Fig. S7. Capping structure of Pol I transcription factors in metarrestin-treated cells.

Fig. S8. No impact of metarrestin treatment on Pol II transcription, translation, or cytoplasmic-nuclear trafficking in metarrestin-treated cells.

Fig. S9. No impact on DNA damage response, cell cycle, or Pol II transcription in metarrestin-treated cells.

Fig. S10. Effectiveness of biotin-metarrestin in disassembling PNCs.

Fig. S11. Expression of eEF1A2-HA in transfected cells.

Fig. S12. Synthesis of 2-amino-1-benzyl-4,5-diphenyl-1H-pyrrole-3-carbonitrile.

Fig. S13. Synthesis of (E)-ethyl N-(1-benzyl-3-cyano-4,5-diphenyl-1H-pyrrol-2-yl)formimidate.

Fig. S14. Synthesis of trans-4-(7-benzyl-4-imino-5,6-diphenyl-4,7-dihydro-3H-pyrrolo[2,3-d]pyrimidin-3-yl)cyclohexanol (metarrestin).

Fig. S15. Synthesis of 2-amino-1-(3-bromobenzyl)-4,5-diphenyl-1H-pyrrole-3-carbonitrile.

Fig. S16. Synthesis of (E)-ethyl N-(1-(3-bromobenzyl)-3-cyano-4,5-diphenyl-1H-pyrrol-2-yl)formimidate.

Fig. S17. Synthesis of trans-4-(7-(3-bromobenzyl)-4-imino-5,6-diphenyl-4,7-dihydro-3H-pyrrolo[2,3-d]pyrimidin-3-yl)cyclohexanol.

Fig. S18. Synthesis of N-(6-(3-((3-(trans-4-hydroxycyclohexyl)-4-imino-5,6-diphenyl-3,4-dihydro-7H-pyrrolo[2,3-d]pyrimidin-7-yl)methyl)phenyl)hex-5-yn-1-yl)-5-((3aS,4S,6aR)-2-oxohexahydro-1H-thieno[3,4-d]imidazol-4-yl)pentanamide (biotin-metarrestin, P1).

Table S1. Cancer cell lines examined for PNC prevalence with or without metarrestin treatment (from Fig. 1C).

Table S2. Pancreatic cancer cell lines evaluated for PNC prevalence in Fig. 2A.

Table S3. Veterinary pathology read of the organs in KPC mice treated with metarrestin.

Table S4. Hematology and blood biochemistry assessment of metarrestin toxicity in tumor-bearing KPC and wild-type mice.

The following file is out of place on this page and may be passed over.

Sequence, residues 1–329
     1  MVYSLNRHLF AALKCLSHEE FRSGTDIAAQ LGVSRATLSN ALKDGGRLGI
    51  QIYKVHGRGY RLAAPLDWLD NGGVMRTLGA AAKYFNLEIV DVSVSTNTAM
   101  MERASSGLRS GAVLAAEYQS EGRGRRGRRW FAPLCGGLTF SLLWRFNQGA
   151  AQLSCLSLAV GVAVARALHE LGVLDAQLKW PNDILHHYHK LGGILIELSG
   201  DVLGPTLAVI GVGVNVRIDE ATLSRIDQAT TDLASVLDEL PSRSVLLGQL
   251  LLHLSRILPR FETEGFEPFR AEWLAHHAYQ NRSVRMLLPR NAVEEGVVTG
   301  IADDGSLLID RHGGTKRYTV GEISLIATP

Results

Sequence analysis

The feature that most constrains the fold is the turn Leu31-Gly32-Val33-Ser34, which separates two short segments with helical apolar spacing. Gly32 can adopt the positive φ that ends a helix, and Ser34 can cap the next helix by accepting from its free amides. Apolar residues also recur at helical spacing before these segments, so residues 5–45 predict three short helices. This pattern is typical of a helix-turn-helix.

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Acknowledgments: We would like to thank U. Kutay for the GFP-RPL29 cell line, M. S. Irwin for the HA-eEF1A1 and HA-eEF1A2 constructs, and S.-Y. Cheng for the cell lines. We thank the Center for Therapeutic Development, Genomic Core Facility, and Cell Imaging Facility of Northwestern University (NU) for the support of some of the work. The opinions expressed in this article are the authors’ own and do not reflect the view of the NIH, the Department of Health and Human Services, or the U.S. government. Funding: This study was supported by the intramural research program of the NIH (J.J.M., M. Ferrer, W.Z., and U.R.), including ZIA BC 011267 (to U.R.). Other support included NIHR01GM115710 (to S.B.); NIH F31DE026946 (to K.I.F.); NIH R01GM078555 (to S.H.); IDP, H, and V foundation funding through Robert H. Lurie Comprehensive Cancer Center at NU (to S.H.); donations from the Baskes family to the Robert H. Lurie Comprehensive Cancer Center, NU, from “Running for Rachel” to the National Cancer Institute (to U.R.); Cancer Center Support grant no. 2 P30 CA060553-19 (to A.P.M.); Robert H. Lurie Comprehensive Cancer Center–Translational Bridge Program Fellowship in Lymphoma Research (to D.H.); and Molecular Libraries Initiative funding to the University of Kansas Specialized Chemistry Center (U54HG005031) (to J.A.). Author contributions: K.J.F., S.P., F.J.S., J.J.M., and J.A. were involved in the medicinal chemistry optimization of hit compounds to generate metarrestin, the synthesis of biotin-tagged tool compounds, and the development of the gram-scale synthetic route to metarrestin. S.T., J.N., W.Z., and S.H. were involved in the assay development and early screens as well as characterization of early hits to identify lead compounds. S.P., K.J.F., F.J.S., N.S., C.D., J.S., L.M.G., M. Ferrer, and J.J.M. were involved in the selection of lead compounds and strategizing their progression toward the identification and characterization of metarrestin via chemical modification, formulation, pharmacological studies, toxicity, and in vitro experiments, including impact on cell growth, absorption, distribution, metabolism, and excretion (ADME), and target identification. D.L., Y.T., Z.K., Y.B., T.V., A.S.P., S.K., K.N., H.S.Q., and U.R. were responsible for all in vivo efficacy studies of metarrestin in the PANC1 model, EM image analyses of nucleoli in cell lines and tissues, the IC50 changes in eEF1A2-expressing cells, eEF1A2 overexpression in tumor metastasis, PK in tumor-bearing mice, and PNC prevalence studies in the cancer cell line panel. S.K., T.V., and U.R. were responsible for the toxicity evaluation of tissues and blood. W.S., Z.M., M.Z., and W.Z. were involved in the proteomic identification of eEF1A2 as a target of metarrestin. C.W., M.A.L., Y.W., C.L., O.K., W.C., J.K., H.H., E.C., E.G., C.F., R.X., and S.H. were involved in the in vitro characterization of metarrestin in cancer cell lines and tissues regarding its efficacy in PNC inhibition, its impact on nucleoli (at light and electronic microscopic levels) and other cellular processes, as well as the influence of eEF1A2 on PNCs or nucleoli through manipulation of its levels. They were also involved in the development of compounds at each step for validation of hits and leads on PNCs and cell growth. H.R.K., D.H., and A.S. were involved in ChIP analyses of Pol I transcription factors on rDNA chromatin. K.I.F. and S.J.B. were involved in evaluating the rDNA chromatin state in metarrestin-treated cells. M. Fang and G.S. were involved in the PC3M metastatic xenograft model. I.K. and A.M. were involved in the metastatic breast cancer PDX model. Competing interests: Patent entitled “Compounds and methods for the prevention and treatment of tumor metastasis and tumorigenesis” (U.S. patent application no. 61/576,780) is pending for metarrestin. The inventors include S.P., K.J.F., F.J.S., S.H., C.W., J.J.M., N.S., J.N., S.T., and W.Z. A disclosure application entitled “Metarrestin for the treatment of pancreatic cancer” is being prepared. Inventors include U.R., S.K., J.J.M., S.P., N.S., M. Ferrer, and S.H. All the other authors declare that they have no competing interest. Data and materials availability: Currently, metarrestin is under preclinical development toward IND (Investigational New Drug) filing. Metarrestin is available from AOBIOUS under the name of ML246.